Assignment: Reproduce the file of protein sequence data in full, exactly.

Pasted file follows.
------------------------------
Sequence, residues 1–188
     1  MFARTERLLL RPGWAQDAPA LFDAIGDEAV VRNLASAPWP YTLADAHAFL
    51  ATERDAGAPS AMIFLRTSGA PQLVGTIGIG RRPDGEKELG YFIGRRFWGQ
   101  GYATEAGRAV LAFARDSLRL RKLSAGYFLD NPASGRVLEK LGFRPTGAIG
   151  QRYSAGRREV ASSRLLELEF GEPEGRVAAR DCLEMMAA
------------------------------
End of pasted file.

Sequence, residues 1–188
     1  MFARTERLLL RPGWAQDAPA LFDAIGDEAV VRNLASAPWP YTLADAHAFL
    51  ATERDAGAPS AMIFLRTSGA PQLVGTIGIG RRPDGEKELG YFIGRRFWGQ
   101  GYATEAGRAV LAFARDSLRL RKLSAGYFLD NPASGRVLEK LGFRPTGAIG
   151  QRYSAGRREV ASSRLLELEF GEPEGRVAAR DCLEMMAA